Dry and sensitive skin types are most likely to react to retinol, but any skin type can react to it. Fortunately, the irritation people experience from retinol commonly subsides after a few weeks of using the product. That’s the reason it’s essential to ease retinol into your skincare routine by using it only a few times a week and later on gradually working up to daily use.
Retinol is milder than Retin-A and tends to be more gentle on the skin, thanks to its low concentration in OTC products.
Retin-A is a brand name of synthetic retinoic acid (another name for tretinoin, the active ingredient in this product) which achieves the same results as retinol, but it works faster. As a result, researchers consider it to be more irritating than retinol. Originally developed to help in acne treatment, Retin-A has significant anti-aging benefits. But it’s not ideal for sensitive skin due to its stronger concentration.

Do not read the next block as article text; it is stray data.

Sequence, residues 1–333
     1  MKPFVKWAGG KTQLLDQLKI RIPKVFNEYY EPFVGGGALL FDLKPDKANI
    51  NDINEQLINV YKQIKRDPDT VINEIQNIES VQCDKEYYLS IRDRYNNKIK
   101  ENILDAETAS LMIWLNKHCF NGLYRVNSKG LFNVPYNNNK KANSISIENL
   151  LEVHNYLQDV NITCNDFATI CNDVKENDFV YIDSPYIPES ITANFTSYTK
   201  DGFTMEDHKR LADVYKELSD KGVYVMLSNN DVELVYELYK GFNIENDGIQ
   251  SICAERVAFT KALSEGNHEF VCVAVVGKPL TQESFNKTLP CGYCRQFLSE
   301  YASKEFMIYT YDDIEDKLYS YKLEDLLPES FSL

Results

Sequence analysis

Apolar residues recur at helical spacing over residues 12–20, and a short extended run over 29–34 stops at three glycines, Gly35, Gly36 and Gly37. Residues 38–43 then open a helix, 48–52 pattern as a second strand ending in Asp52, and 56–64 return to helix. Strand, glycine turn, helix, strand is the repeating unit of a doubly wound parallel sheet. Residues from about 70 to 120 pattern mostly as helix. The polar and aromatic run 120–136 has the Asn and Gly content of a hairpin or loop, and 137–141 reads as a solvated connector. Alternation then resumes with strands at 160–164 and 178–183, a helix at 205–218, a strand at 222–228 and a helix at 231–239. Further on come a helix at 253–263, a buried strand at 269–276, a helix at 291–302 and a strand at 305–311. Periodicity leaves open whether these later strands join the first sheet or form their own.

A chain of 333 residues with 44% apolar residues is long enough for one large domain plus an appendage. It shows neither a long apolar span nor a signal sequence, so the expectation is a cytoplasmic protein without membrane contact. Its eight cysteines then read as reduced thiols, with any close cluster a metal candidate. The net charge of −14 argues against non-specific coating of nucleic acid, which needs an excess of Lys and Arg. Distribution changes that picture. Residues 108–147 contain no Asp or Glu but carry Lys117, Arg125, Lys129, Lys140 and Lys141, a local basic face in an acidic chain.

Unlike retinol, Retin-A doesn’t need to be broken down by skin to be used. Instead, it uses tretinoin, which is retinoic acid and is readily available to the skin. Whereas with OTC retinol, the retinol needs to be converted into retinoic acid. So the process can take longer (but this is also what makes it more gentle than Retin-A).
Retin-A can give faster results than retinol alone, thanks to its stronger concentration. But it can cause burning, itchy, peeling, or red skin issues. These symptoms are sometimes referred to as retinoid dermatitis.